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‘Did I make a mistake choosing a degree route into nursing?’

  • 6 Comments

Can you advise this student nurse?

“I was going to start my training in September this year but when I heard that it was my last chance to train with a bursary I bit the bullet, left my job and started training in September 2016.

“Don’t get me wrong, I know I’m lucky to have the bursary but with two children at home and my partner not on a great wage, it’s still not easy to make ends meet.

“Now I’ve seen that it’s going to be possible to become a nurse basically by training on the job as a nursing associate ort apprentice. I get that it’s probably ‘better’ to have a degree in terms of career development etc, but this just seems a more financially viable route into nursing. Am I missing something?

“I’m enjoying my course but I’m seriously considering leaving and re-training as a nursing associate instead. Can anyone advice about the pros and cons of doing this?”

- Anonymous

 

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  • 6 Comments

Readers' comments (6)

  • it may appear that way currently.it would appear that our profession wants to get back to training on the job-task orientated.

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  • Pls continue with the degree route, do not let any other "alternative" distract you from the opportunity you have now.

    Many people come on the course every year with different family commitments and financial difficults and they all somehow found a way to adapt and make it through.

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  • I had the same thoughts initially. I left my job as a HCA with the NHS to start my Degree in MH nursing. It is very tough not only academically but also financially. I do receive the bursary so I do feel lucky in a sense, although I need to work on the Bank as well. The nursing associate role would have been great for me if I had been younger, but I am a mature student. I think there is still some confusion and debate around this new role. From my understanding, it is 2 years to become a band 4, but to progress to a Qualified Nurse you still have to go to University for a further 3 years! So for me 5 years is far too long. I'm currently in my second year, it is passing so quickly. I am happy I chose this route. I also feel very privileged to have been accepted on the degree! There was 2000 applicants when I applied for only 30 places. Good luck and keep up the struggle!

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  • Nursing is the nation's largest health care profession, with more than 3.1 million registered nurses nationwide. Of all licensed RNs, 2.6 million or 84.8% are employed in nursing so you will not have to bother your head with questions like - What should I do with my degree?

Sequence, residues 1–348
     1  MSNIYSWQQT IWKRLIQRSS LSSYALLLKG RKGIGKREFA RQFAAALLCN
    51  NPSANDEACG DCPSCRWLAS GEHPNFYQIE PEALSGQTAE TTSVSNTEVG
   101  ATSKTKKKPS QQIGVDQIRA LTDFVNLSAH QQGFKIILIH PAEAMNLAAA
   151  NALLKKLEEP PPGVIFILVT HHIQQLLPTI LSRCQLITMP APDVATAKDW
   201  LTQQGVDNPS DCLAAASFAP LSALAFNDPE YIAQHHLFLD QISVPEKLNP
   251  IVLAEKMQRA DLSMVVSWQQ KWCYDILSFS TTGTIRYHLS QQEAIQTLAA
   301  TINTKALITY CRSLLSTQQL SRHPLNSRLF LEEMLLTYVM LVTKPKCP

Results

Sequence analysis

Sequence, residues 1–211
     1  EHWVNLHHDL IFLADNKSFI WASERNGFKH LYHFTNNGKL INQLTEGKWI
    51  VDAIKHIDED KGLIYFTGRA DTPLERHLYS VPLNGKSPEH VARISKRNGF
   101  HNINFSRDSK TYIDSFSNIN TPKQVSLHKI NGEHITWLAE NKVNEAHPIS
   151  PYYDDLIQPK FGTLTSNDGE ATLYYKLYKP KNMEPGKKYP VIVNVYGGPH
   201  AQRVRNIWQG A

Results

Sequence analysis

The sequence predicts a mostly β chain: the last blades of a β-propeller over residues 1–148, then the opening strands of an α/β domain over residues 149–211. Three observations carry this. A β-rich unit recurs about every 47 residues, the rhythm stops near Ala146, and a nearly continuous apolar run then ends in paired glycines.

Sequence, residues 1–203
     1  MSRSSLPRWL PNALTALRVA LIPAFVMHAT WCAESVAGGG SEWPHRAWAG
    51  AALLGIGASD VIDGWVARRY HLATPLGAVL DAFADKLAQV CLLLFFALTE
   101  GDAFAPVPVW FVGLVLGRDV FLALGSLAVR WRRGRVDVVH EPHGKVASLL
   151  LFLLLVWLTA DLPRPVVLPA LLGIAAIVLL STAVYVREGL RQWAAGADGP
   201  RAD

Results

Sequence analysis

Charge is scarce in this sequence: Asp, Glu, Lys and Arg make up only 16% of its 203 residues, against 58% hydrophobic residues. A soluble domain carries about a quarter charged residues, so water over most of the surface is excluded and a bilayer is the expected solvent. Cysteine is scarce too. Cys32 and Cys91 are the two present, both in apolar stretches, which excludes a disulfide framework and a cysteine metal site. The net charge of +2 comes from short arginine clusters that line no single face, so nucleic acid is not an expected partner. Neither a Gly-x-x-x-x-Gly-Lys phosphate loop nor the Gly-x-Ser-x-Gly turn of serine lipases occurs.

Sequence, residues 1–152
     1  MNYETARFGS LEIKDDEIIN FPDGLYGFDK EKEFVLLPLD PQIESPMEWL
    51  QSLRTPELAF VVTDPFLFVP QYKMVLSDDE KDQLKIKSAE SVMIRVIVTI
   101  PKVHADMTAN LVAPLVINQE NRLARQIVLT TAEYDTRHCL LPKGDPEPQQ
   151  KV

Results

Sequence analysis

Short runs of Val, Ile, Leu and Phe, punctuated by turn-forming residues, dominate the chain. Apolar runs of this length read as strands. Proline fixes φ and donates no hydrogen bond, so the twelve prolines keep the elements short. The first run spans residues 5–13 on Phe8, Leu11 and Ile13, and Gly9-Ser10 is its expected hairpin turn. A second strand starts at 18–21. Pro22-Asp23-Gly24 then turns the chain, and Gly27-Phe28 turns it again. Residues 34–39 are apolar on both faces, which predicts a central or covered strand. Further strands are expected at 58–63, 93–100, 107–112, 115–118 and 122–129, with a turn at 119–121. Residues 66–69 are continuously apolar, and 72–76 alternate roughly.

Though often working collaboratively, nursing does not "assist" medicine or other fields. Nursing operates independent of, not auxiliary to, medicine and other disciplines. Nurses' roles range from direct patient care and case management to establishing nursing practice standards, developing quality assurance procedures, and directing complex nursing care systems.
    My friend said once that it is relatively easy to get a degree in nursing, and even if you worry about the difficult student life, dissertation or a research project there's even a wider field for the prompts, you are free to take info for your projects from sites like this one, evidence‐based guidelines, letters. I also found how to write my project here http://www.nursingcapstone.net/how-to-write-a-capstone-paper/
    Hopefully for some of you that will be helpful.

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  • Stick it out, whatever route you choose will be difficult but to have the full degree will give you so many options and opportunity to progress even further once completed. The Aporenticeship route will not necesssrily "pay" you more whilst training. It will be worth it in the end.

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  • I would say carry on with your degree,especially if you want promotion, as its a starting point when you qualify. You are lucky to still have the bursary. I trained under the old hospital based system in the 1970s when student nurses were salaried and part of the workforce. Many of us upgraded our qualification to degree level to be on a level playing field with university trained students, although I thought myself to be competent and reasonably well educated already.
    Nursing at the coal face is 75% hard graft, you can dress it up with diplomas, degrees or doctorates and it will still remain that way. However, it would probably take several years post associate nurse qualification to upgrade to degree level, if you do it part time. Working full time, and studying can be difficult especially if you have family commitments. Good luck with your degree!


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